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Joos II of Momper (1564-1635) attributed - Animated landscape
Joos II of Momper (1564-1635) attributed - Animated landscape  - Paintings & Drawings Style Joos II of Momper (1564-1635) attributed - Animated landscape  - Joos II of Momper (1564-1635) attributed - Animated landscape  -
Ref : 79401
8 800 €
Period :
<= 16th century
Provenance :
Medium :
Oil on canvas
Dimensions :
L. 22.83 inch X l. 18.9 inch
Paintings & Drawings  - Joos II of Momper (1564-1635) attributed - Animated landscape <= 16th century - Joos II of Momper (1564-1635) attributed - Animated landscape  - Joos II of Momper (1564-1635) attributed - Animated landscape
Galerie PhC

Ancient paintings

+33 (0)6 62 09 89 00
+33 (0)6 62 09 89 00
Joos II of Momper (1564-1635) attributed - Animated landscape

Canvas 42 cm by 34 cm;
Magnificent sculpted frame of time of 58 cm by 48 cm

The artist certainly asked another painter to participate in this painting especially for the characters, as he often did. We know him of numerous collaborations, notably with his son Philips, H Van Balen, Jan Brueghel the elder, the Frankens, T Verhaest ...

Joos II of Momper (Antwerp 1564 - 1635)

He belongs to a family of painters the first of which, Jan I, worked in Bruges in the 16th century. Pupil of his father Bartholomaeus, Joos de Momper joined the gild in 1581 and became dean in 1611. After 1581, before 1591, the date on which he took students, he probably made the trip to Italy, which reflects his invoice, free and energetic, like the disciple of Tintoretto, Toeput PozzoserratoI. He gradually freed himself from the conventions of the panoramic landscape of the Renaissance, notably from Bruegel, whose influence he first suffered. His first known works, inspired by alpine sites, such as the Mountainous Landscape (Brussels MrbA) present the same characters: oblique flight of space between "backstage" stepped in successive planes to suggest depth, division of the color into 3 tones , strong color oppositions in the foreground, while the distant ones blend into a bluish light. Continuing his luminist research, and solidly modeling the forms by violent contrasts of light and shadow, visible in the Landscape with waterfall (Dresden), he is moving towards a greater chromatic unity (the Holy Mass in a cave, museum Aschaffenburg). At the end of his career, it is a general tone which ensures the unity of the plans. The space is no longer dug diagonally, and the wings have disappeared. The themes are transformed: the vast plains of the North appear as well as Italian landscapes. The latter have suggested a new stay on the peninsula, especially since the bill itself has changed, no longer consisting of nervous touches, but smears close to the last way of Paul Bril. Located between Bruegel and Rubens, whose dynamic and lyrical conception of space he announces, Joos de Momper lets us foresee a "baroque" vision of the Flemish decorative landscape. He will not only influence his son Philips I or his nephew Frans, but also the two David Téniers and T. Verhaecht, the master of Rubens. A fertile painter, he is represented in all the major museums in the world: the Hermitage, Chicago, Munich, Hamburg, Kassel, Dresden, Vienna, Copenhagen, Douai, Nancy, the Louvre and many others ...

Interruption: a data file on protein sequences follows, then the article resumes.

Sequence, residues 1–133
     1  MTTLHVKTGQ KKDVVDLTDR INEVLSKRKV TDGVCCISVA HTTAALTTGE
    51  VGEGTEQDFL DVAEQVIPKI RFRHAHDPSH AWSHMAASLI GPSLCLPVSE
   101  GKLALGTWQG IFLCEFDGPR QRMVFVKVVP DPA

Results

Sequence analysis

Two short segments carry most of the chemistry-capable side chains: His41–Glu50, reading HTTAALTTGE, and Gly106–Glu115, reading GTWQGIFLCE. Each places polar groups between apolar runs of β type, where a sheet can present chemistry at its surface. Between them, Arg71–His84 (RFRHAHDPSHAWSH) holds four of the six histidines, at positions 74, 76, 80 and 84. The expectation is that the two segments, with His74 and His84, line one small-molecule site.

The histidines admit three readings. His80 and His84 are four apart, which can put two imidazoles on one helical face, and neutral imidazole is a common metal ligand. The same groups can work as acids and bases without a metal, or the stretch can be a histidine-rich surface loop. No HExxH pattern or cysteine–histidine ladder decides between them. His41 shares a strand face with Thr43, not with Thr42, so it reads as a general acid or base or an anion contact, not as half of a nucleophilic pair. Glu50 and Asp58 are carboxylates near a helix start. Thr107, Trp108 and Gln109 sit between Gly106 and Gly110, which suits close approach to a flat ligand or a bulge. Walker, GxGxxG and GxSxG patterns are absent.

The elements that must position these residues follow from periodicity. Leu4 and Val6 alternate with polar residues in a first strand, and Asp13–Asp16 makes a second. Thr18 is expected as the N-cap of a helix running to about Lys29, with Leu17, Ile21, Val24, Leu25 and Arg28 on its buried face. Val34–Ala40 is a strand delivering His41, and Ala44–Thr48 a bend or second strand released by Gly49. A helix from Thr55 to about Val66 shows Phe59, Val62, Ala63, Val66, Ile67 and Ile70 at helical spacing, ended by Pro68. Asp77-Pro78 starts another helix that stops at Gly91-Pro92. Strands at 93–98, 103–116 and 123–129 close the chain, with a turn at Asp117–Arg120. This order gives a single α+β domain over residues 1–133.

Galerie PhC


16th century Oil Painting